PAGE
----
For this episode of Meet Microcosm we talk to the newly moved Portland store!
Q: So, Portland store, you just moved to a new location. Tell us what people can expect from the new spot and how it’s different than the last two…
Joe: Well, the store can no longer be compared to metaphors about a clown car. I was honestly amazed to see how much stuff we had shoe-horned into the old store once it was spread out in our warehouse. And prior to that we were in Liberty Hall, which was more like an office than a store. Our setups were just not geared for browsing; they were setup for packing orders. Now we have 600 sq’ of store with all of our stuff nicely spread out and with lots of displays and attention to each little area. We get to show off all our little murals and you don’t have to pick stuff up to find what you’re looking for. Yes, that was fun but people also need to be able to browse. My favorite part is that, because the books were so jam-packed onto the old shelves, people always think the book they just noticed is new, when we have often had it for 2-3 years. But we are still getting in new books regularly—at least as fast as they come out—and we’ve got lots of books that our mailorder catalog doesn’t. What fun. It’s like a diamond hunt. We’ve also got tons of old and new zines and even more shelves for them. It’s still fun. Maybe I just like building shelves and seeing the signs that Matt, Rio, and Pamela paint on them.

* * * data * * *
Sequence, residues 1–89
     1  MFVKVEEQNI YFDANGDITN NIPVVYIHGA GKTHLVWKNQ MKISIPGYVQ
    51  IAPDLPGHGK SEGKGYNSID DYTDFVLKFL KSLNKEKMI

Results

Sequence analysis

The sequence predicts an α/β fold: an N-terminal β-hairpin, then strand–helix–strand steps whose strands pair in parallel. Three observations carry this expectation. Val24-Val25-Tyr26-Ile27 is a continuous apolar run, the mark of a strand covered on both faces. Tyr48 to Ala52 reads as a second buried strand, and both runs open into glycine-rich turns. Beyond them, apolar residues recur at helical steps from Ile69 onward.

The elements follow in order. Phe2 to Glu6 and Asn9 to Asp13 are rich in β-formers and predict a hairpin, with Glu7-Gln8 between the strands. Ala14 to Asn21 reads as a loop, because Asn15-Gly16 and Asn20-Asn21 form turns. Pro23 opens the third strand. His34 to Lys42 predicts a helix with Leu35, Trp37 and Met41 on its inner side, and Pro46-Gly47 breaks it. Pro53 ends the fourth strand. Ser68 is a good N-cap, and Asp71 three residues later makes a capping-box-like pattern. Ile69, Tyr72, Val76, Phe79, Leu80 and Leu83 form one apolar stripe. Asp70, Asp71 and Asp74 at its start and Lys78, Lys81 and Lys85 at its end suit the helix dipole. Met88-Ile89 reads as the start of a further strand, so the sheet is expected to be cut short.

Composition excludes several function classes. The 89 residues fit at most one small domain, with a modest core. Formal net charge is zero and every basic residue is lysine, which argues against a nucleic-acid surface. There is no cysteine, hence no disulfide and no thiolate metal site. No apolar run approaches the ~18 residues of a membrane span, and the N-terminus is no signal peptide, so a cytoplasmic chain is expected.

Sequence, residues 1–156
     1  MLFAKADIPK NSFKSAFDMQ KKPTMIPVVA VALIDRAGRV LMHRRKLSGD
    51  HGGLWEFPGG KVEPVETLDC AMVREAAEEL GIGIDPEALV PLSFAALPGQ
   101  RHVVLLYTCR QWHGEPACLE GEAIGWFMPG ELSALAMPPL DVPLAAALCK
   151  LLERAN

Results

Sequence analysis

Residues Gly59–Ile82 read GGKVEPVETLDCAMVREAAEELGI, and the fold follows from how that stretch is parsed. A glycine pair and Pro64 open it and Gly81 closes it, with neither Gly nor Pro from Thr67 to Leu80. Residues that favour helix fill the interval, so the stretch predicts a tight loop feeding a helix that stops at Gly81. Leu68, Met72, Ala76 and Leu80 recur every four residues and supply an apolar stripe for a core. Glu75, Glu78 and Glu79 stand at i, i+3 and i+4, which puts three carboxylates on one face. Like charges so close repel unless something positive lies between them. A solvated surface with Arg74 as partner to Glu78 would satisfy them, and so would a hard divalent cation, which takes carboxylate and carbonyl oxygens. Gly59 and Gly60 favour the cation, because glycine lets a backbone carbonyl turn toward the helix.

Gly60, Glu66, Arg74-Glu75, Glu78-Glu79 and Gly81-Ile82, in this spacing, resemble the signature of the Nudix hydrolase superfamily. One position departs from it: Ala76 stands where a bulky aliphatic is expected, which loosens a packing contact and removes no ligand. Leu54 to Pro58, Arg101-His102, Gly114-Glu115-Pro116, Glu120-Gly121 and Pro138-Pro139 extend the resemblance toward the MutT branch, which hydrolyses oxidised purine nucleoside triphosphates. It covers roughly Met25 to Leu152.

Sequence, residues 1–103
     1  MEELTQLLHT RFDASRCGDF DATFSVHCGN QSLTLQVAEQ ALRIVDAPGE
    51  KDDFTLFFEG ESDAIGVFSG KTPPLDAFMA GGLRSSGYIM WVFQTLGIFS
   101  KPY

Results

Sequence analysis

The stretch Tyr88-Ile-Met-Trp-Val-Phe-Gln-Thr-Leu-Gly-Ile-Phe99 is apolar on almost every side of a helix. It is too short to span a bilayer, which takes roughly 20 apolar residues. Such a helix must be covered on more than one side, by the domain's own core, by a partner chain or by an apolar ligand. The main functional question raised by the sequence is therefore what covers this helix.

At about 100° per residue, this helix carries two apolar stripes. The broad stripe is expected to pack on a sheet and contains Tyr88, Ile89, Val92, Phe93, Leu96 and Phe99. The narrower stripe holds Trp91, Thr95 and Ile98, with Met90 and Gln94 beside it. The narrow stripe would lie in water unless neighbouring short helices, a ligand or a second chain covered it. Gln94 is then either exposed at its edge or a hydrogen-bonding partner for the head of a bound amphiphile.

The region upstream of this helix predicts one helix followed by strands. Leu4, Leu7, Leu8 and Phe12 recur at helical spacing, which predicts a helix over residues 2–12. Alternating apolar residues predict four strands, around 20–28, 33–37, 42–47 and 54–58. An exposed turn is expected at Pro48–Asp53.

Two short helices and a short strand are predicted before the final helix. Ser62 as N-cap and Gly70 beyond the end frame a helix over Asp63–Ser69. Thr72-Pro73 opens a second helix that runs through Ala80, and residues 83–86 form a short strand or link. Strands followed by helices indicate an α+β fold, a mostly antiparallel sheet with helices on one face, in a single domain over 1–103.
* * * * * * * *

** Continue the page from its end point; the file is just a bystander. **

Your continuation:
Q: Who are you sharing a space with this time around and what’s it like being with them? Do you guys ever have roommate fights (or haughty pillowfights?)
Joe: We share our building now with Printed Matter who does textile screenprinting like our patches, Eberhardt Press who does offset printing like our zines, and Bruce the letterpress guy who we haven’t figured out how to incorporate into our shop yet. The artist Klutch (not to be confused with the comic Clutch) also has a studio in our building for painting. It’s rad to be with people that have aesthetic, ethical, and political similarities to our organization and who work really hard for everything they’ve got. I find it really encouraging to be around other people who are putting in long hours. Sadly there have not yet been any pillow fights. But we haven’t lost hope.